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LETTER: Carbon pricing and hydro power

Letter to the Editor
Letter to the Editor

Running water (hydro power) has been with us for centuries, or longer, to generate relatively cheap power to run milling operations, pumping operations and more recently to generate electricity. 

Using electricity, we can still run milling operations, pumping operations and many other operations. 

All provinces and territories use electricity to a greater or lesser extent.

Newfoundland and Labrador has lots of running water, much of it used to generate electricity, thus avoiding the consumption of fossil fuels or carbon fuels to generate electricity. Many will argue which is the cheaper method to generate electricity. 

Capital cost of building a water powered generating station is high but the running water is cheap. Capital cost of building a fossil fuel generating station is lower but the operating costs are high and produce carbon dioxide greenhouse gas; the latter is known to cause unwanted climate change.

This province has a large generating station (Upper Churchill) and many small generating stations (Bay d’Espoir, Cat Arm, Granite Canal, Hinds Lake, Paradise River, Roddickton, Snooks Arm and Venams Blight, and Upper Salmon) and a second large generating station (Muskrat Falls). All are within the legal boundaries of Newfoundland and Labrador.

Upper Churchill has a maximum generating capacity of 5,428 megawatts (MW). The nine smaller stations have a combined generating capacity of 956 MW. Muskrat Falls will have a maximum generating capacity of 824 MW.  Total hydro generating capacity when Muskrat Falls is operating will be the sum of the above or 7,208 MW. If all these generating plants are operating at maximum capacity continuously for one year 63,142 gigawatt hours (GWh) of electricity will be produced.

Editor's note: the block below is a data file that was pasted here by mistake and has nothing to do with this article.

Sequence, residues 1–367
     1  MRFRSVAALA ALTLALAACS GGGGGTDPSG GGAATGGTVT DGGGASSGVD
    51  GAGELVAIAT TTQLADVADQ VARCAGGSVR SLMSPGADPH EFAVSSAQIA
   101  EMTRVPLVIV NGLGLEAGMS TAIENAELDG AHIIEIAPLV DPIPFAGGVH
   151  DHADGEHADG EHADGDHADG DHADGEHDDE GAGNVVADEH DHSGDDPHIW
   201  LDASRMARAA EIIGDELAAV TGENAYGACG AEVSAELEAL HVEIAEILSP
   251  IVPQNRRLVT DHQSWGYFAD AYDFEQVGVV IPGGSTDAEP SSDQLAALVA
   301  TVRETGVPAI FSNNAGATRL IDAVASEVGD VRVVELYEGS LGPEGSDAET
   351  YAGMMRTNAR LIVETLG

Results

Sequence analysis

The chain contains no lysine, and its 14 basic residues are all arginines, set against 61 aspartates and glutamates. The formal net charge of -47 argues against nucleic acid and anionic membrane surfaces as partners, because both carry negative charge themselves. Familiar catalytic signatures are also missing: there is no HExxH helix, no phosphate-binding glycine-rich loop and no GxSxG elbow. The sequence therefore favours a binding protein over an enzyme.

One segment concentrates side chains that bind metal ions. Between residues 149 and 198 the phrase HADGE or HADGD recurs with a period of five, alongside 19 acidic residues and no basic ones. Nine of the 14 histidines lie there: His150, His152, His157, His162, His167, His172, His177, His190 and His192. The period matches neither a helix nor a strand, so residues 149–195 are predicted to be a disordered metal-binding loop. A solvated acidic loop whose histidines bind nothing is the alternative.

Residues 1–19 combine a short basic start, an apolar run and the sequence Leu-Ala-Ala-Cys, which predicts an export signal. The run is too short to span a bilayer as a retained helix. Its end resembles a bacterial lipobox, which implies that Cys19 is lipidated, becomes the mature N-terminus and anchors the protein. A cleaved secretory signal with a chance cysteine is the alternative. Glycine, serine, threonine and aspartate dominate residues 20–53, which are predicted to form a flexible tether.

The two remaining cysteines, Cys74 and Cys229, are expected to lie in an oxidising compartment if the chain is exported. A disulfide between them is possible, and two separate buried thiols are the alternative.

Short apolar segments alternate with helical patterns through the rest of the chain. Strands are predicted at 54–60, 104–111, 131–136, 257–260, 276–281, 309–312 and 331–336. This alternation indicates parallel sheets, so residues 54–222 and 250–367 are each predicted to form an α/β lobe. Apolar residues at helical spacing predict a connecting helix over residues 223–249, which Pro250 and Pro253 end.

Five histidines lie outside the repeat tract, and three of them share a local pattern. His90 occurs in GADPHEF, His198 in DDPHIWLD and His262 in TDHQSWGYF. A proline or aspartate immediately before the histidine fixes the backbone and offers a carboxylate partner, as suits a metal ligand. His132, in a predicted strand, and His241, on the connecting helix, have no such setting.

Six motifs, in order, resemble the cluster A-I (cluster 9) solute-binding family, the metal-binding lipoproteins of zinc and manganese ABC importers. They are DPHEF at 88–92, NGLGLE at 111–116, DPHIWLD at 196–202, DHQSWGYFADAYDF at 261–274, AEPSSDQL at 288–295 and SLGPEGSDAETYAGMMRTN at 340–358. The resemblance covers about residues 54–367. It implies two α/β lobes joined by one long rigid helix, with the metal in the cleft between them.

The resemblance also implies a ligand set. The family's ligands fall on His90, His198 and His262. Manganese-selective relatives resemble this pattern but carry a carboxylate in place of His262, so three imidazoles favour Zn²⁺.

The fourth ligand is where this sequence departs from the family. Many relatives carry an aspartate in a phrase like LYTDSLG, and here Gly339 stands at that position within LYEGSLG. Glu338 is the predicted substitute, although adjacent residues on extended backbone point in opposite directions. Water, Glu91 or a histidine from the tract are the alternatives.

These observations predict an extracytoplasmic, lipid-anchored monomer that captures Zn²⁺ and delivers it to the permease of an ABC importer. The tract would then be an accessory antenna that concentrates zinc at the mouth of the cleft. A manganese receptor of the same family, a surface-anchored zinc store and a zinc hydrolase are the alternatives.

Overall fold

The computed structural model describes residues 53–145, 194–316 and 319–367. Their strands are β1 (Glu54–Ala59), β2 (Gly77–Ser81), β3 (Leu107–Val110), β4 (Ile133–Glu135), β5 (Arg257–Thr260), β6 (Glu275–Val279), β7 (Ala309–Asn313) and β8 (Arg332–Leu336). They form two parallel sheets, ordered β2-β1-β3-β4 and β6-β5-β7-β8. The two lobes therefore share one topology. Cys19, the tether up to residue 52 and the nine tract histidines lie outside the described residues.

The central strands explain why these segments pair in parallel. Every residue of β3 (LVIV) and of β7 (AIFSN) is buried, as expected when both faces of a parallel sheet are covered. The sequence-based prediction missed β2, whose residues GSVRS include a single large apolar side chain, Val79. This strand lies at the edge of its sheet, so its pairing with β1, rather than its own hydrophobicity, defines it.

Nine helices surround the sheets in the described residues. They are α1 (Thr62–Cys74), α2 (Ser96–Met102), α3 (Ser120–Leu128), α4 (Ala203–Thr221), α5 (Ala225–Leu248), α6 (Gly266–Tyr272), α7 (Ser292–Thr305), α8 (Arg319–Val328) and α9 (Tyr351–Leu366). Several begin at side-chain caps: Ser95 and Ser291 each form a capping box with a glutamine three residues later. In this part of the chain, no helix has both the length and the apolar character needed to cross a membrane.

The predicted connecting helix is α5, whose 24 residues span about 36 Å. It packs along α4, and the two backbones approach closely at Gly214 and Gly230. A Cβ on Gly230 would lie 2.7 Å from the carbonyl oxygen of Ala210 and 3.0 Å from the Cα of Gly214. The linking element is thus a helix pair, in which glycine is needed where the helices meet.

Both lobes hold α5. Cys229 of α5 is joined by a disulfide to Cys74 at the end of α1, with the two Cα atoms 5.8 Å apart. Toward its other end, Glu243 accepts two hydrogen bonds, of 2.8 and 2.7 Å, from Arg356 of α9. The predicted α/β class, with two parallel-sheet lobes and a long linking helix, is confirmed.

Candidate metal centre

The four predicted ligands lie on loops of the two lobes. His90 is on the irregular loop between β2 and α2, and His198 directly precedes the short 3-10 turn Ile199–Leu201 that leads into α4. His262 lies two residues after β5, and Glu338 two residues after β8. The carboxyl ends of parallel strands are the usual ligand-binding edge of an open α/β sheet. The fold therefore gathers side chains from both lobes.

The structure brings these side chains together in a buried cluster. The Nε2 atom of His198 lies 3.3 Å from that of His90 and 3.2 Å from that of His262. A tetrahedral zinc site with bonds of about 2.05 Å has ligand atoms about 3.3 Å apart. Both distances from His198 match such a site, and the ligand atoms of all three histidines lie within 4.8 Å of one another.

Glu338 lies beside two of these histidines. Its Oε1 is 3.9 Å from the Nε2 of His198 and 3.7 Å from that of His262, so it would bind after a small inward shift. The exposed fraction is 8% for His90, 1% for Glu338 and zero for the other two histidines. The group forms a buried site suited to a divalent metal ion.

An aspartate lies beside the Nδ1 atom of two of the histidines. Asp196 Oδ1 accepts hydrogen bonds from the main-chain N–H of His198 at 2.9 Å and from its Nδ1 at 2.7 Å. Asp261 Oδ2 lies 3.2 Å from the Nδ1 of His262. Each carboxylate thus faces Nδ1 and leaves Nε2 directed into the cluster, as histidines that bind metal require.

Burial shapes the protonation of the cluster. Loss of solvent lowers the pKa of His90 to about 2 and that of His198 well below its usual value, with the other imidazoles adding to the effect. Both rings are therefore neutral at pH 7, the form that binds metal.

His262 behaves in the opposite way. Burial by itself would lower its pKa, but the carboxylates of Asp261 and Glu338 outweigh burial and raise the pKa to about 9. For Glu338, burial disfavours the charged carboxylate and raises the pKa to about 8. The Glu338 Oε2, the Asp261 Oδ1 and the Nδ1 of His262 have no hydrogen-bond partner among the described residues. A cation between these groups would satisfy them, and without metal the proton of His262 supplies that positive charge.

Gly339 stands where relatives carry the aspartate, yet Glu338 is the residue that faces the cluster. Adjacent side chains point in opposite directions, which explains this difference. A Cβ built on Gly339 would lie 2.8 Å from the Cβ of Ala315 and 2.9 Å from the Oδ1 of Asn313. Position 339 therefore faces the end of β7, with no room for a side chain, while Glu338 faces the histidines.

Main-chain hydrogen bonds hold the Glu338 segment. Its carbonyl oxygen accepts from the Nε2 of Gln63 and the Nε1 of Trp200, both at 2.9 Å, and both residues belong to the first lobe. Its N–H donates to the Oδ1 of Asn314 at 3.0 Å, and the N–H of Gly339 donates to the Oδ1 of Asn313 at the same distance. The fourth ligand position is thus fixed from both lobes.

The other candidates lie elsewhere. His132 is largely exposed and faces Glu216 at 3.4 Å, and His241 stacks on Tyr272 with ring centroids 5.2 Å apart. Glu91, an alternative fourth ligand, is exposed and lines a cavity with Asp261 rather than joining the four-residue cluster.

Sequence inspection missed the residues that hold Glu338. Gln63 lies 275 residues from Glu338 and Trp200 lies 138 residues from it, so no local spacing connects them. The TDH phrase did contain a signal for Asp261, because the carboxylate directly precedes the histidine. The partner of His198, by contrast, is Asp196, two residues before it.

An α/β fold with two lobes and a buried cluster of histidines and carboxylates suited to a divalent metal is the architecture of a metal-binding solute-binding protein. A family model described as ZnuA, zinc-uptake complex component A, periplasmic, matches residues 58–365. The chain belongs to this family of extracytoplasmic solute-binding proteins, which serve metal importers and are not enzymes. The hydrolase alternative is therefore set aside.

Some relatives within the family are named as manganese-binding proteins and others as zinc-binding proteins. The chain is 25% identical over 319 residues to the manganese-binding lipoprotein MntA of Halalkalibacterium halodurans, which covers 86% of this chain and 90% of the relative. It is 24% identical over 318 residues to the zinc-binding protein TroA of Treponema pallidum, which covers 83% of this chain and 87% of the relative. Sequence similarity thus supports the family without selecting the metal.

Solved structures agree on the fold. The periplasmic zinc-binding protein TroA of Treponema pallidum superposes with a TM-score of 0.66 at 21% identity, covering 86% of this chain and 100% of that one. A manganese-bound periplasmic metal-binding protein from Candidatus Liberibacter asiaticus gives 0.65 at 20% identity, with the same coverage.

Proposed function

To allow for these plants not producing at maximum capacity continuously and for losses in the distribution lines, a loss of 27 per cent is reasonable. The usable capacity will then be 73 per cent of 63,142 GWh or 46,094 GWh.

To compare the amount of electricity produced with barrels of oil, if oil was used to generate electricity, the conversion factor is: one barrel of oil is equivalent to 1,628.2 (Kilowatt hours) KWh. Hence the barrels of oil saved by using 46,094 GWh hydro electricity will be 28,309,617 barrels (46,094 ÷ 1,628.2 x 1,000,000).  The 1,000,000 is to convert G (gigas) to K (kilos).

When one barrel of oil is burned to produce electricity, 0.43 metric tons of carbon dioxide escape to the atmosphere and the Federal government has introduced a carbon tax of $20 per metric ton of carbon dioxide, which dollar figure may increase substantially in the future.

Therefore 28,309,617 barrels of oil, when burned, will produce 12,173,135 metric tons of carbon dioxide (28,309,617 x 0.43). At a price of $20 a metric ton ($10 in 2018 rising to $50 in 2022), the potential savings of not producing 12,173,135 metric tons of carbon dioxide is $243,462,706. 

As an aside, the annual current cost of 28,309,617 barrels of oil at US$55 per barrel and exchange rate of 1.32 is a little over $2 billion.

From the above calculations, the Federal government has assessed indirectly for 2019 the equivalent in monetary terms the value of 12,173,135 million tons of carbon dioxide per year not going into the atmosphere as $243,462,706, rising to over $608 million in 2022. However, the application of the Federal carbon tax is limited.

For comparison, the budget deficit for the 2018-2019 fiscal year is estimated to be $683 million, cancellation of severance payments is estimated to be $600 million, and Memorial University operating grant $310 million.

Ian McMaster

St. John’s

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